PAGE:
For cost reasons, the WNBA primarily flies via commercial airlines, saying the league as a whole cannot afford charter flights and that allowing some of the 12 teams to do so would cause a competitive imbalance issue. The league announced earlier this year that it will have charter flights for all playoff games this season and certain regular-season games that are played on back-to-back days requiring air travel.
Griner being approved by the league to charter for all games is an exception because of the publicity surrounding her detainment and release. However, her agent, Lindsay Kagawa Colas, said she thinks the entire Mercury team and all teams need to charter flights.
"Brittney Griner and the WNBA players are leaders who inspire hope for a better, more inclusive and less divided America," Kagawa Colas said via social media. "They are celebrated for the ways their activism inspires positive change. In doing that, they also become targets for hate, threats and violence.
"And today's incident is a clear reminder of that. We cannot celebrate these women and their leadership without also protecting them. It's past time for charters and enhanced security measures for all players."
The subject of Griner's safety during travel was extensively discussed prior to the season. The Mercury and the WNBA said plans had been formulated for the team's trips, which included security. Speaking to media on opening night, May 19, in Los Angeles, WNBA commissioner Cathy Engelbert said that strategy would be revisited throughout the season to make sure it was meeting Griner's and the team's needs.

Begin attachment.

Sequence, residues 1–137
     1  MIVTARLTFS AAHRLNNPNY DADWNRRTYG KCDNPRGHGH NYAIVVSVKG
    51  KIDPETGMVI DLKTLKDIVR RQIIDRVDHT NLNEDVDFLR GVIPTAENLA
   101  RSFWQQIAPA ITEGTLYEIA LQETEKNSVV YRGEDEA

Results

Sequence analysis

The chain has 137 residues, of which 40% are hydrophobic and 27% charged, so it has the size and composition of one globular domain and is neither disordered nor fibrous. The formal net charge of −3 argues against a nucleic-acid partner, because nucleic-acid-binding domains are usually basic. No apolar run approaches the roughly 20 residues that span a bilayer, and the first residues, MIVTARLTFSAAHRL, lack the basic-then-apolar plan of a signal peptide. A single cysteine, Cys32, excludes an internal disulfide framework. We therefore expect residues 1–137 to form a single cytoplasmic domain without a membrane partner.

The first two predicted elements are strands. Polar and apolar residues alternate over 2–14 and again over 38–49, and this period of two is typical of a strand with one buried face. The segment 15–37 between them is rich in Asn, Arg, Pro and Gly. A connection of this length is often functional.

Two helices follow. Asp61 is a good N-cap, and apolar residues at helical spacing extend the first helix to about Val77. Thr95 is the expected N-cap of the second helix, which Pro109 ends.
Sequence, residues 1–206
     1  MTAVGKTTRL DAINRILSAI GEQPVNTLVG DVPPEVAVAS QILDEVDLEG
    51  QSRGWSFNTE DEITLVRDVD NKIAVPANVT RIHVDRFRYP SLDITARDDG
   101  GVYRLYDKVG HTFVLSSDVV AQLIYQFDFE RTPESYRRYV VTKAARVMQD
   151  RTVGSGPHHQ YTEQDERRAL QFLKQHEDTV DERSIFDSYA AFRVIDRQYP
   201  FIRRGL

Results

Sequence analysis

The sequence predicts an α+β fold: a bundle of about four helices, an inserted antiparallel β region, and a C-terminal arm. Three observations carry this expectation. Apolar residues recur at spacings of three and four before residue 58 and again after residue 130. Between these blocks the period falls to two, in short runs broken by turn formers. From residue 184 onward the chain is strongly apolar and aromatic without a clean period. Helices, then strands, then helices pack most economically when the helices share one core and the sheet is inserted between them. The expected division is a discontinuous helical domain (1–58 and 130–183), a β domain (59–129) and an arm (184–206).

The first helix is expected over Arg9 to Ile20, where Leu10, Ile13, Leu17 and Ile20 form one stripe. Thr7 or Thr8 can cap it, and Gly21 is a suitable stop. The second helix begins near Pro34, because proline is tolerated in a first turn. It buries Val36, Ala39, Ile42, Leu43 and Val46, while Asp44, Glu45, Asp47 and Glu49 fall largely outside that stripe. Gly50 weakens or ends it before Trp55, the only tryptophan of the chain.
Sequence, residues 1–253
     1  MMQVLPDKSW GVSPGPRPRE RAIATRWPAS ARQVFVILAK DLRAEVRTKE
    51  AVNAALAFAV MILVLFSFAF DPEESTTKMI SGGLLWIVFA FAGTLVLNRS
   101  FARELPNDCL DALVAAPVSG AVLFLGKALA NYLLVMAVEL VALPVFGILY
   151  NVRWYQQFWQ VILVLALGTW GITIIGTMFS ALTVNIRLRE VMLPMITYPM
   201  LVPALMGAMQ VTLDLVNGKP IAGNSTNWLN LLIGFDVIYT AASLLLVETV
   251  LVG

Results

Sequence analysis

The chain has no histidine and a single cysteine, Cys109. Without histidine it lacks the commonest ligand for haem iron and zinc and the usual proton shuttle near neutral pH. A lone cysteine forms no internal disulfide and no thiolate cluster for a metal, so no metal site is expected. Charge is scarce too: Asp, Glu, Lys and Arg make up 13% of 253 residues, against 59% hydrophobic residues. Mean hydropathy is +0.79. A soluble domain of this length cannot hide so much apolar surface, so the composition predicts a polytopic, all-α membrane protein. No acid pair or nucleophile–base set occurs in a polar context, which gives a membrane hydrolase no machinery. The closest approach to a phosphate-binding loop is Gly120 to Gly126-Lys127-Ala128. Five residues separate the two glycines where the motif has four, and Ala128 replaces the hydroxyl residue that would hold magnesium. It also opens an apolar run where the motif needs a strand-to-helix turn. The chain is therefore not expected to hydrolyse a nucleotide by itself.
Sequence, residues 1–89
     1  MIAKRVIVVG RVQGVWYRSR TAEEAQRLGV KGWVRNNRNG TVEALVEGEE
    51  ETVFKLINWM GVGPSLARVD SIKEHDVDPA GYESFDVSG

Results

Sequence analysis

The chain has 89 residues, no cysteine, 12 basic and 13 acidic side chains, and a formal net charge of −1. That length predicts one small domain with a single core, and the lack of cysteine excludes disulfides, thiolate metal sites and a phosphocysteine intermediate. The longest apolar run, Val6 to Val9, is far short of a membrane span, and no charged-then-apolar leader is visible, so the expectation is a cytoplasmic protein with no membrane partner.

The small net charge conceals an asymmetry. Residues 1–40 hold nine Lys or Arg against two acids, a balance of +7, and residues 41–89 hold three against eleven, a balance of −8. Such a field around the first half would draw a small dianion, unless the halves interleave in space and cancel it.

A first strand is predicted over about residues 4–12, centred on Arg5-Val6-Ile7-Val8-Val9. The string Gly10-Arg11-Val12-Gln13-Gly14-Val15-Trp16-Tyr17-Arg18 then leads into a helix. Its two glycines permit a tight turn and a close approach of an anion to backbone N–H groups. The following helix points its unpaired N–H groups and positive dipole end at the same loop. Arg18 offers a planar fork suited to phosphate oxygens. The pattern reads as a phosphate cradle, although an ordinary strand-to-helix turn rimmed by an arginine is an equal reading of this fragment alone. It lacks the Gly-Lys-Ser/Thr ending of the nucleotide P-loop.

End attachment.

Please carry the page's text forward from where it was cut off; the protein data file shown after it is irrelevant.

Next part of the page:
"We have the travel plan set for the 20 away games," Engelbert said. "We have a set security plan now, but obviously we have to be agile with that. It's really important that we evaluate it periodically. The Phoenix Mercury are going to lead on that."
The players' union -- the WNBPA -- said in a statement Saturday that the Dallas incident is more evidence that charters are needed for teams throughout the WNBA season. However, travel accommodations are part of the WNBA's collective bargaining agreement most recently agreed to in 2020.
"As we continue to hear from our members throughout the start of the season and particularly today with the situation involving the Phoenix Mercury at the Dallas airport, we are quite clear that the matter of charter travel is NOT a 'competitive advantage' issue," the union said. "We cannot help but wonder if the league and teams preclude more reasonable and flexible rules regarding charter travel in 2023 in order to seek leverage on this issue at the bargaining table.
"What BG and all of her Phoenix teammates experienced today was a calculated confrontation that left them feeling very unsafe. Everyone who was paying attention knew this would happen. We could have and should have been more proactive.
"Allowing teams to fly charter is ONLY about player health and safety, and until the league and teams take this issue seriously, situations like this will continue to occur. Every commercial flight forced upon our players is a threat to their health and safety. We implore the league and the teams not to wait another day to change the rule regarding travel."